Donald Trump’s threat of sanctions on Iraq was “not very helpful”, Germany’s foreign minister said on Monday.
The United States president had warned Baghdad could be hit by sanctions “like they’ve never seen before” if US forces were forced to leave.
“I don’t think it works to convince Iraq with threats, but with arguments,” Heiko Maas told Deutschlandfunk public radio.
Friday’s targeted killing of Qassem Soleimani, one of Iran’s leading military figures, in a US air strike in Iraq, has led the country’s parliament to urge the removal of all foreign troops – a move aimed at the estimated 5,000 US troops in Iraq as part of the international anti-ISIL (ISIS) coalition.
Maas said Germany, the United Kingdom and France would discuss the Iran nuclear deal on Monday and would react this week to Tehran’s recent announcements.
Iran said on Sunday it would abandon limitations on enriching uranium, taking a further step back from commitments to a 2015 nuclear deal with six major powers.
The “E3” group of countries – France, Britain and Germany – have all called on Iran to refrain from any retaliation to the US killing one of its top military commanders, and urged Tehran to return to the terms of the JCPOA 2015 nuclear deal agreed with world powers – a landmark diplomatic agreement from which Trump unilaterally withdrew the US in 2018.
The three countries also highlighted the importance of de-escalating tensions in Iraq and Iran, and reaffirmed their determination to fight ISIL.
“We reaffirm our commitment to continuing the fight against Islamic State, which remains a priority. It is essential that we keep the coalition, in this regard. We call on the Iraqi authorities to continue to supply the necessary support to the coalition,” the E3 group said in a statement on Monday.
“We are ready to continue talks with all parties in order to contribute to de-escalating tensions and re-establishing stability in the region,” added the E3 group.
There are grave fears for the future of the nuclear deal.
“We will definitely talk to Iran again. What has been announced is, however, not consistent with the agreement,” Maas said.
“[The situation] has not got easier, and this could be the first step to the end of this agreement, which would be a big loss so we will weigh this up very, very responsibly now.”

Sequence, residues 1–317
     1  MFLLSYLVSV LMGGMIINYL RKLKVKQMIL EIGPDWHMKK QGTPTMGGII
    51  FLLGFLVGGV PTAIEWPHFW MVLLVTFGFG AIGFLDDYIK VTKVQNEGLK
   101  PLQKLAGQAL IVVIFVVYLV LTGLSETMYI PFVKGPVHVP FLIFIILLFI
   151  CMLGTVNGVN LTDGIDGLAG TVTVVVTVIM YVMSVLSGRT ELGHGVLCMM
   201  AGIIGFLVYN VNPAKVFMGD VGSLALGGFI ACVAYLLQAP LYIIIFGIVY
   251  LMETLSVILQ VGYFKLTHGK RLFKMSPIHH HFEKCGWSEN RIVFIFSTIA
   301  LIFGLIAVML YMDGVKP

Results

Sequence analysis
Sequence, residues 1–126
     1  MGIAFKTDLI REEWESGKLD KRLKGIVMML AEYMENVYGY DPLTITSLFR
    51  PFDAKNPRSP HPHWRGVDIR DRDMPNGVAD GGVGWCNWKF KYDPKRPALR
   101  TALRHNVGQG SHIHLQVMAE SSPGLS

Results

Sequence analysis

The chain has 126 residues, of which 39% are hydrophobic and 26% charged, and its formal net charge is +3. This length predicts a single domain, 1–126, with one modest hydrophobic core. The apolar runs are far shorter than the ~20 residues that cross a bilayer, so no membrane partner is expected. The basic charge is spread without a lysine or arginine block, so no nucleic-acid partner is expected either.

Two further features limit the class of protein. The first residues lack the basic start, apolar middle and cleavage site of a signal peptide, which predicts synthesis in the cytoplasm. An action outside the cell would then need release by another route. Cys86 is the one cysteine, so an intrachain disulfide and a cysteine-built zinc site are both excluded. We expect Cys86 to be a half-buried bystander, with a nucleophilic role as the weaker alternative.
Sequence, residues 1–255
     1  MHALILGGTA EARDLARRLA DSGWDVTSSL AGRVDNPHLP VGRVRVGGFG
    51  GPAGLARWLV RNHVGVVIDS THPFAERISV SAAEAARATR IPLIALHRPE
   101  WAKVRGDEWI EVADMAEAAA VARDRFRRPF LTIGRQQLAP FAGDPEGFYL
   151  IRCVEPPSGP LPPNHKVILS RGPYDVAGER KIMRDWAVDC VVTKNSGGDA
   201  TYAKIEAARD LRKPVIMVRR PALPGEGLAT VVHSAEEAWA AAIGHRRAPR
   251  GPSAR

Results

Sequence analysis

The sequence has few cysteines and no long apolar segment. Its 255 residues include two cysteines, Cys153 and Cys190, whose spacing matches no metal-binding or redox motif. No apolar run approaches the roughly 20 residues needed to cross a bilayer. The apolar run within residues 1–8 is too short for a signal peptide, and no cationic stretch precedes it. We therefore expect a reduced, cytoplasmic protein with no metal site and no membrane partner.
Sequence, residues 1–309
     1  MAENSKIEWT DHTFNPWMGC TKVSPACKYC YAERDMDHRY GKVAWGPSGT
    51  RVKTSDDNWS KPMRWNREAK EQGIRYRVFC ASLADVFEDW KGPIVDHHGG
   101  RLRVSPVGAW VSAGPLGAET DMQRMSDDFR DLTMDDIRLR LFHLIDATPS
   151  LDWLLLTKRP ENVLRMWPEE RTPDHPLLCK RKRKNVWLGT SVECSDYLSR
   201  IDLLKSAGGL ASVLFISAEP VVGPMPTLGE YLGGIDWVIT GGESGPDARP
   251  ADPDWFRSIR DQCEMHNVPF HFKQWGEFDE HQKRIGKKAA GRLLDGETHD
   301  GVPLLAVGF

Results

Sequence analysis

Germany’s foreign minister has also proposed bringing forward a regular meeting with counterparts from other European Union countries amid escalating tensions in the Middle East.
“Europe now has an important role in view of the menacing escalation of the conflict between the United States and Iran,” Maas said in a statement on Sunday. EU foreign ministers should “quickly agree on a common approach”, he added.
Europe has reliable channels of communication to all sides that should be used “to the full extent” in the current situation, Maas said.
Germany has about 130 soldiers in Iraq as part of an international assistance and training mission. The German defence ministry said on Sunday that a regular rotation of troops replacing some of those currently in Iraq had been suspended.
Maas said Germany stood ready to continue to provide assistance in Iraq “if it is requested and the situation allows it”, adding that the fight there against ISIL is not over.
“In order to discuss this with our international partners there should be a meeting of the anti-IS coalition as soon as possible,” he said.
Maas said he had spoken with his counterparts in France, Britain, Italy and the EU, as well as the head of NATO and German Chancellor Angela Merkel.
Earlier on Sunday, the foreign ministry confirmed that the charge d’affaires of the German embassy in Tehran had met Iranian foreign ministry officials, but provided no details.
Trump, meanwhile, spoke with UK Prime Minister Boris Johnson on Sunday, discussing the current situation in Iraq and Iran, the White House said in a statement.
The release offered few details of the specifics of the call, noting only that the two leaders “reaffirmed the close alliance between the two countries”.